If you believe you may have an outstanding warrant, you probably want to find out about it. Probably. If so, then you’ll be glad to know there’s a way to run a nationwide arrest warrant check. But first, let’s review what an arrest warrant is.

An arrest warrant is an official document that is signed by a judge in a court of law. An arrest warrant is meant to allow a law enforcement officer the right and ability to arrest a suspect. So long as law enforcement officers are able to present suitable evidence to persuade a magistrate, a warrant will be issued.

What Happens When An Arrest Warrant Is Issued?

Once an arrest warrant has been issued, law enforcement officers are expected to act quickly to arrest the suspect. They’ll try to arrest the person of interest wherever they can be found. At their place of work, home, or even pulled over on the road.

Is There A Way To Access These Arrest Warrants?

Yes! An arrest warrant is considered public record, and is accessible to anyone who is interested. There are plenty of reasons why you would want to know if you have an active arrest warrant. Some people get a warrant placed upon them without realizing it. They can be issued for things as small as an unpaid traffic fine. Unknown to you, this could result in a jail term.

If you want to carry out an arrest warrant check, here are the available options.

Check At The Courthouse

You can visit your local county courthouse for an arrest warrant check. Just write to the court clerk requesting an arrest warrant check. Note that the court clerk may request that you explain your predicament before allowing you access to public arrest warrants. The court clerk will also request identification documents. Also, if it turns out there is an active warrant for yourself, then you will be escorted promptly to a holding facility.

Check At A Local Sheriff’s Office

Copies of arrest warrants are often carried by a county sheriff’s office. You can write to the sheriff’s office and request the clerk for an arrest warrant check. Upon receiving the application for your arrest warrant check, the clerk will require that you explain why you are interested in conducting the check. Once again, if you do have an active warrant, then the police are likely to make a move to arrest you immediately.

Ask A Private Investigator Or Attorney To Check For Your Arrest Warrant

The main issue with the previous methods is that, if you’re correct, then you get arrested. If you want to avoid that fate, then you should try and get a private investigator or attorney involved. However, they do not guarantee confidentiality, and a steep service fee is likely to be attached.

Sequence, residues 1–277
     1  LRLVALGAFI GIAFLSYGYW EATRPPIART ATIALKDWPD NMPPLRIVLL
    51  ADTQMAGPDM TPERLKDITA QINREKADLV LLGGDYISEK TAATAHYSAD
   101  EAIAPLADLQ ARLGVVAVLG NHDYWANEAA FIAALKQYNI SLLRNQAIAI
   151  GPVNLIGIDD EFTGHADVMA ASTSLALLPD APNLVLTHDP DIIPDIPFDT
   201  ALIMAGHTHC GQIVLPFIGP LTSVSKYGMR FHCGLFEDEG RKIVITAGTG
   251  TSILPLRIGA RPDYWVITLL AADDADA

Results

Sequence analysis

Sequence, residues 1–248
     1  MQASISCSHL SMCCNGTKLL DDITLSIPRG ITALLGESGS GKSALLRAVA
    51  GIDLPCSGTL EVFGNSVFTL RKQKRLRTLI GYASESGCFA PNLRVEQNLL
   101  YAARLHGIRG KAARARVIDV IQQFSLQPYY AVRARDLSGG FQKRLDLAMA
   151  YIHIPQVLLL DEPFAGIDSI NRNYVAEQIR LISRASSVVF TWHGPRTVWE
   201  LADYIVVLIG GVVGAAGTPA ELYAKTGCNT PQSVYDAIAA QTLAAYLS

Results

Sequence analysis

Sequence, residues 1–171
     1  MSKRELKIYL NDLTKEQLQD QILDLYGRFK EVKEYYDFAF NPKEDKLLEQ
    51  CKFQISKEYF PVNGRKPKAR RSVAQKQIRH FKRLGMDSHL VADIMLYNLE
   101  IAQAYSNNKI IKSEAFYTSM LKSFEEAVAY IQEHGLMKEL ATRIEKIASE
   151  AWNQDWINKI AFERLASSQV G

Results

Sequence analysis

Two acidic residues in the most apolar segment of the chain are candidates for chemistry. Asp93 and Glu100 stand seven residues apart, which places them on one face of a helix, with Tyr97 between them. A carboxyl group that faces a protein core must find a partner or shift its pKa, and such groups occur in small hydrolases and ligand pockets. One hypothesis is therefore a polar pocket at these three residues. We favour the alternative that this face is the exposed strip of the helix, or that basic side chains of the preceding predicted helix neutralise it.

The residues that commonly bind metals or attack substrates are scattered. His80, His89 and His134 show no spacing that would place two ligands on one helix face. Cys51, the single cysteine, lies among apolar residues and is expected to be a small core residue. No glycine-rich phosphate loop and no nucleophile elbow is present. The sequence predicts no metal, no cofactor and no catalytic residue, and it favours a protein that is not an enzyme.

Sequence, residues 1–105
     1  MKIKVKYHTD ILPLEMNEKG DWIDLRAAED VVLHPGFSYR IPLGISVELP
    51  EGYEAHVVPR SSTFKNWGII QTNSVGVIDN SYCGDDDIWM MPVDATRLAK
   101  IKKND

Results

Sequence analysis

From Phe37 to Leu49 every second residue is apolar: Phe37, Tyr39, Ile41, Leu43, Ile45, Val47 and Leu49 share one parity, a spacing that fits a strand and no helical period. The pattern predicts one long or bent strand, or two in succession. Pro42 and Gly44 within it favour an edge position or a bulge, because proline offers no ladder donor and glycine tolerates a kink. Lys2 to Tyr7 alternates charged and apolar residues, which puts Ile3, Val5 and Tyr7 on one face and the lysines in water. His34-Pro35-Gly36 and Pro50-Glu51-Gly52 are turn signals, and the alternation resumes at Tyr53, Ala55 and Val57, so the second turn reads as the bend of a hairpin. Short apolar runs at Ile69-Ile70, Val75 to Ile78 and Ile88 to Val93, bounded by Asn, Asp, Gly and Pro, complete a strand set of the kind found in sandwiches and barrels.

Run An Online Public Records Search

For a secure and confidential warrant search, check online. An online public records search offers a complete database of all active arrest warrants. These public records searches tend to be extremely easy and convenient.. All you’ll need to do is enter your full identification details and a report will pop up indicating any active arrest warrants.

Do Arrest Warrants Expire?

No, no they do not. An arrest warrant is a serious matter, will not be removed until the state is satisfied with your cooperation. You can request for arrest warrant removal, but this requires that you first know of the warrant, which many states do not make an effort to notify you of.

Nationwide Arrest

What Should I Do If I Have An Active Arrest Warrant?

If you have an arrest warrant, there are a few things you can do. Depending on what the warrant is for, you can simply show up at the courthouse, particularly if paying a fine is an option. Contacting an attorney is also a good idea. Having a lawyer on your case can help clear the legal jumble, and guide you to the best course of action.

SpyFly provides consumers affordable, immediate access to public record information. Federal laws prohibit businesses from using SpyFly’s service to make decisions about employment, insurance, consumer credit, tenant screening, or for any other purpose subject to the Fair Credit Reporting Act, 15 USC 1681 et seq.